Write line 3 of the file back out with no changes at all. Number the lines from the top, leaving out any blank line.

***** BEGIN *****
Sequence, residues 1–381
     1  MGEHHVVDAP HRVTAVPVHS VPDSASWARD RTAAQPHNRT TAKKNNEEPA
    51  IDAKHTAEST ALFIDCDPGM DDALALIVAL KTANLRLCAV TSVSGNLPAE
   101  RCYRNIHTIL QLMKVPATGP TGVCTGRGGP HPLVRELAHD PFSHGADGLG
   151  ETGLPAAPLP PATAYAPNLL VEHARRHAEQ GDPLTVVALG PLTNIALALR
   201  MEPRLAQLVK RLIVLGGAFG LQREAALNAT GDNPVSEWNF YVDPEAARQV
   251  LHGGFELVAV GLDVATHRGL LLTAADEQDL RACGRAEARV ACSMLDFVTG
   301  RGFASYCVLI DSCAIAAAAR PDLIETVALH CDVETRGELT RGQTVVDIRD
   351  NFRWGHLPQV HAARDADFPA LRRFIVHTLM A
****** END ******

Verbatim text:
    51  IDAKHTAEST ALFIDCDPGM DDALALIVAL KTANLRLCAV TSVSGNLPAE